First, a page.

By M Ahmedullah, 24 April 2023
It was in the late 1980s when I first became aware that not all of what I thought constituted racism was actually racism. Instead, some of what I considered racism was said to be racial prejudice. When my understanding of racism was first challenged by a friend involved in anti-racism work, I couldn’t immediately and for quite a long time intuitively grasp and appreciate the nuances involved behind how he understood the difference.
Although intellectually I knew what my challenger friend was asserting with his high degree of confidence – perhaps due to his recent participation in anti-racism training – based on my experiential understanding and being a victim of various kinds of racism, some of which would be classified as racial or religious prejudice according to my challenger friend’s definition, I couldn’t come to accept the difference spoken about even though I tried hard.
The main difference that said to exist between racial prejudice and racism was that racial prejudice involved prejudging people based on the colour of their skin, mostly negatively, and racism was the same prejudging of people based on the colour of their skin, mostly negatively, with having the power to exercise power and exercising that power to the detriment of those at the receiving end of the prejudgment.
I know the refinement helps better understand power structures (social, economic, cultural and political) and how domination, discrimination and marginalisation based on racial prejudice occur and perpetuate. Through this deeper understanding and knowledge about how power-play operates and institutional racism works, it is possible to more effectively deal with and challenge power systems and traditions that create and sustain the problems of racism. However, the generalised definitions of racial prejudice and racism fail to consider the lived experiences of millions of people living in diverse societies and what makes life and community interactivity difficult, hurtful and discriminatory.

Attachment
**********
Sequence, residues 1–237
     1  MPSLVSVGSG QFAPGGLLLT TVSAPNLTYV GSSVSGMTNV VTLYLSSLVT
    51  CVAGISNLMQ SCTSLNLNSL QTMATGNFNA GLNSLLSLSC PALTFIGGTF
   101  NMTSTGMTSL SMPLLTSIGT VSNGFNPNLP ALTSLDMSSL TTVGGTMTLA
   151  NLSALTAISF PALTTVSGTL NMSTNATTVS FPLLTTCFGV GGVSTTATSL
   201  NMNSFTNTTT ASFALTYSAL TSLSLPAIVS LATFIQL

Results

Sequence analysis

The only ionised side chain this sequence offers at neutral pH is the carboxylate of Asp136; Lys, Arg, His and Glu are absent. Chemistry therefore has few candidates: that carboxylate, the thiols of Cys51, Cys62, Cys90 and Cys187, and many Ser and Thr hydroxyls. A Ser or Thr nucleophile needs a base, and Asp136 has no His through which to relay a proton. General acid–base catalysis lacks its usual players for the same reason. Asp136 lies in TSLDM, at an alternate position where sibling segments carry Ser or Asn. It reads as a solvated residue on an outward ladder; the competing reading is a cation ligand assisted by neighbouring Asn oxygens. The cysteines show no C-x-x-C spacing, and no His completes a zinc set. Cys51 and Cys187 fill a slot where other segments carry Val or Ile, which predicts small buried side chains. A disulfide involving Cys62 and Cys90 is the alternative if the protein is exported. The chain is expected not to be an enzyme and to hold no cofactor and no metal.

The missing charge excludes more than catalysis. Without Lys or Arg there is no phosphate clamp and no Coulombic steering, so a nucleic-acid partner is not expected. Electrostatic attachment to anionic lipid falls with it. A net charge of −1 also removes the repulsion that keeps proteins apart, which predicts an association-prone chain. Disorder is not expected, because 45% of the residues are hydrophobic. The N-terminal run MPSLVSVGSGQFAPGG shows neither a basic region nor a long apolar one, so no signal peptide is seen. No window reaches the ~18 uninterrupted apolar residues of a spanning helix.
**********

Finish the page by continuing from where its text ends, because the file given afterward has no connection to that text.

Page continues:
An analogy will, hopefully, clarify my point. Take the terms language and dialect. As far as I understand, dialects are also languages and cannot be non-languages. However, as in many societies across the world, local/regional languages have been defined as dialects and standardised versions of one of the local/regional languages as languages they have caused many injustices, misunderstanding, discrimination, marginalisation, disunity and domination.
Just like dialects are also languages, racial prejudice is also racism – it can cause harm, hurt, disharmony, othering, violence, and so on.